That’s not true, of course. Let’s review.

I got up out of bed. I put on jeans and a sweatshirt and peed and brushed my teeth and had coffee. I prepared French toast for Pearl with a birthday candle in each piece — much easier to blow out than 12 + 1 for good luck! I navigated some choppy mothering waters and even got us safely to shore (aka school) through some mild rapids.

I made my daughter a cup of coffee and talked about saving and budgeting. I greeted the members of four writing groups, some with prompts and some with an invitation to set intentions for a brand new week of writing and life. I emailed my ex-husband to work out some upcoming schedule changes. I washed some dishes and ate breakfast. I responded to some emails and messages with current and potential coaching clients.

Without sharing details, let’s say the aforementioned choppy waters had to do with expectations. How is the day supposed to go? How am I supposed to feel? How should it look (this life, this work, this age, this thing I’m writing, this special day)?

“Supposed to” and “should” are the death knells of creative ease.

We get into trouble when we load a thing up with expectations. Too many preconceived notions quickly become impossibly weighty, and some degree of struggling or suffering seems inevitable with that kind of pressure.

I was on the phone with a client late last week. I looked out the window at the steadily falling snow, not missing the metaphor. When I expect April to be sunshine and daffodils, I’m going to be disappointed and maybe even pissed off when it’s in the low 30s — and snowing. (It’s not supposed to snow in April, I hear myself whining.) But if I expect April to be whatever April’s going to be, then my chances of blowing a gasket when it snows go significantly down.

Setting clear expectations for ourselves can be super useful. It’s all well and good to be ambitious, to have big dreams and visions. It’s also a good idea to baby-step it by naming some tangible, attainable outcomes you hope to reach.

For example, if I say, I want to write something amazing this week, fuhgeddaboutit. I will spend a bunch of time feeling pressured, overthinking, and procrastinating. Not only will this interfere with me writing anything in the first place, it will most likely hamper my ability to actually start and keep going when I do finally sit my ass down in a chair.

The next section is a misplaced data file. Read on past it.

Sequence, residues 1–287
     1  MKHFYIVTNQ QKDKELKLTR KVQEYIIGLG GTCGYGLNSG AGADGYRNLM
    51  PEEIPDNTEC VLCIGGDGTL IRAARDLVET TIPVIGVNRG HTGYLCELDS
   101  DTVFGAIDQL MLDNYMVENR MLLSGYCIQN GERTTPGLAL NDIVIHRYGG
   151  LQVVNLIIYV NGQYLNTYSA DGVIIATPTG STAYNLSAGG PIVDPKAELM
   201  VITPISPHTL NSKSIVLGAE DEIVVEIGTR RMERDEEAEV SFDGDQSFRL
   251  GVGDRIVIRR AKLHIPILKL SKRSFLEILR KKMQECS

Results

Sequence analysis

However, things open up quite a bit if I say: By the end of the day (or week), I would like to have written. Period. Full stop.  Or, I would like to have spent one hour writing. Or, I would like to have written a shitty first draft. Any of these give me something to aim for without setting me up for sure failure based on a bar either too high or too amorphous.

A free-floating expectation is impossible to catch.

Like dandelion fluff (after the April snow, that is), it flutters away the moment you try to palm it. Likewise, expectations that are too rigid in their specificity can also be burdensome. Playing with some middle ground — being clear about intentions while leaving room for things not to go quite as planned — is a way to stay grounded and set yourself up for a sense of accomplishment.

As a mama, as a writer, as an entrepreneur, expectations can either be my BFF or my nemesis. I’m doing what I can over here to work towards the former relationship.

With that in mind, let me start over.

Friends, it is 1:10pm on Monday. I’ve been engaged in matters both domestic, personal, and professional since getting up this morning.

The sun is shining and it’s my son’s 12th birthday. In one hour, I’ll pick him up early from school and, if he wants, we’ll go get that free cupcake at Barnes & Noble. I feel blessed to be connected to hundreds of people who write throughout the country and world, a few dozen of whom will check in today as we begin a new week in various online groups. What a miracle, really. My wife is working on her puzzle and listening to a podcast in the other room, and the houseplants are drinking in the light through the south-facing windows.

Is all of that good enough? It really is, if I let it be.

Holiness Is in How We Teach Our Children

Photo: Josh Appel, Memorial and Museum Auschwitz-Birkenau, Oświęcim, Poland. “This is Siggy Weiser. He is a Holocaust survivor. 75 years later he is in looking as Jewish kids praying at the death camp Auschwitz, Mr. Wesier’s previous living area where he was threatened with death daily.”

My daughter’s shaving her head.

Well, actually, her cousin’s friend is doing the honors, in a college dorm room.

My daughter told me she has written something about the why of this. She forgot to send it to me, but says she will tomorrow.

I am looking forward to reading it.

My daughter is 15 going on a shaved head.